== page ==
How to Overcome Barriers to Forgiveness
Article by Linda Graham (2014)
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What is the Science?

Forgiveness is a difficult thing. It can take a great amount of time and work to arrive at a place where we can let go of hostility and arrive at a place of forgiveness, especially for more serious infractions. Research on forgiveness suggests three barriers that often prevent people from arriving at a place of forgiveness: unreadiness, self-protection, and “face” concerns. All of these are legitimate barriers and must be taken seriously. But by intentionality and practice (and, Christians would add, God’s help), we can arrive at a place of forgiveness and let go of the suffering and hostility we have experienced.

Forgiveness: “ the practice of letting go of the suffering caused by someone else’s wrongdoing (or even our own).”

Forgiveness “involves changing our relationship to an offense through understanding, compassion, and release.” – Linda Graham

What is the Theology?

As this article demonstrates, there are so many aspects of forgiveness: identity, fear, safety, compassion, power, relationships, guilt, shame, and many other important categories. These are all topics that the Church can address. The imprecatory Psalms remind us that it is okay to feel anger while penitential Psalms reminds us of the need for all of us to receive forgiveness. The stories of Joseph, David, and Jesus offer examples of a greater concern for reconciliation than on saving “face.” And the prophets demonstrate the pursuit of justice that accompanies God’s forgiving love.

What to Consider

  • Think about a time when you suffered wrongdoing. What barriers prevented forgiveness? Were you able to overcome those barriers? If so, how? If not, why?
  • What barriers might Jesus have had to overcome in order to offer forgiveness? What is the role of the Spirit in overcoming barriers to forgiveness?
  • Think of a situation where it was more difficult to forgive than usual. What about the situation made it more difficult to forgive? What were the barriers that needed to be overcome?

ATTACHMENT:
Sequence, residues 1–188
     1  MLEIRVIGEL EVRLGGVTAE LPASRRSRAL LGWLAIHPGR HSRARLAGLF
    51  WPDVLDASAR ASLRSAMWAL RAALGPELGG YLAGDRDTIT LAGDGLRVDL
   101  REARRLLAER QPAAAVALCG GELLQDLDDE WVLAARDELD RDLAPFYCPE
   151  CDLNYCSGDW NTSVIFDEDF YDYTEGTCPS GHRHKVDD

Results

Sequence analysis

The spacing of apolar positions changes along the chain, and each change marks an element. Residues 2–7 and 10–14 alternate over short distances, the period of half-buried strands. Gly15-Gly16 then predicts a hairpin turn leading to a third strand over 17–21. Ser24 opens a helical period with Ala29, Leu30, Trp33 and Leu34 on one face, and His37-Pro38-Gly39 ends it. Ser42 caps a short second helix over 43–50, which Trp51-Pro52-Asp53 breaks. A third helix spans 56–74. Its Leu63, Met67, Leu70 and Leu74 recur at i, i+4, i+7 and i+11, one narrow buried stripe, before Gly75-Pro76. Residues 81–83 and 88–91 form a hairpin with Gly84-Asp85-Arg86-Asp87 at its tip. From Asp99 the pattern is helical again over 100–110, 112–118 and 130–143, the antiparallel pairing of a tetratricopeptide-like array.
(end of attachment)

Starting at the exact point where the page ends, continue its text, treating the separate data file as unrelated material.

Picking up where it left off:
• What is the relationship between forgiveness and reconciliation? Can you have one without the other?

How to Go Deeper

  • Have a member of the congregation share their story about how they were able to offer forgiveness. Invite them to focus on the barriers they overcame before offering forgiveness.
  • Start a support group for those who have been hurt or victimized and have been unable to forgive. You might consider having a trained therapist facilitate or available as a reference for those who might benefit from one.
  • Use the story of Joseph to discuss these three barriers to forgiveness. You might even consider making this into a series to discuss each of these barriers in more length.

Relevant Scripture

All references in parenthesis refer to Lectionary readings. For more information on what the Lectionary is, please click here. For additional Lectionary resources click here.

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“Forgiving When it Seems Impossible”

“Nine Steps to Forgiveness”

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About the Author:

Zach is currently a PhD student at Fuller Theological Seminary researching the role of leaders in congregational change. His calling in life is to train and equip pastors to faithfully lead local congregations. When not studying, he'll most likely be watching Sporting Kansas City score goals or hiking with his wife and two kids.


  1. August 8, 2017 at 12:58 am

    This is an interesting way of typologizing barriers to forgiveness. I wonder which of these three “bitterness” would fall under? That was the first one that can to my mind when I thought of barriers to forgiveness

  2. August 8, 2017 at 1:32 am

    I appreciate the depth of Scripture listed in the theology section. The Psalms play off of one another so well on the topic of forgiveness, and really speak to the human heart.

  3. August 9, 2017 at 3:52 pm

    The idea of self-protection as a barrier to forgiveness is so insightful.

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